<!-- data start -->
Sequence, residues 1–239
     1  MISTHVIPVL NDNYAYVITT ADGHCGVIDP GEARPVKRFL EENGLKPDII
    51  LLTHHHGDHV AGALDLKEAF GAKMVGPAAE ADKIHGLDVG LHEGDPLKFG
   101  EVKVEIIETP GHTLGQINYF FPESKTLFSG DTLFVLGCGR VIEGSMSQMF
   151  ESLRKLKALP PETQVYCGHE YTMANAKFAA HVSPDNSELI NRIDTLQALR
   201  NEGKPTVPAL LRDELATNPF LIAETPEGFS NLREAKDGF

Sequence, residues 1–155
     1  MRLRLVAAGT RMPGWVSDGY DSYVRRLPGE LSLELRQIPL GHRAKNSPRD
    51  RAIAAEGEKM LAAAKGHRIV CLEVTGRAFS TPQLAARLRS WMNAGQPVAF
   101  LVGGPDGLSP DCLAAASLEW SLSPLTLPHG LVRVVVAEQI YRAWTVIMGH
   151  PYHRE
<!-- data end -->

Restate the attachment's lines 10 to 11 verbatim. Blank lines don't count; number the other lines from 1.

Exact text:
   101  LVGGPDGLSP DCLAAASLEW SLSPLTLPHG LVRVVVAEQI YRAWTVIMGH
   151  PYHRE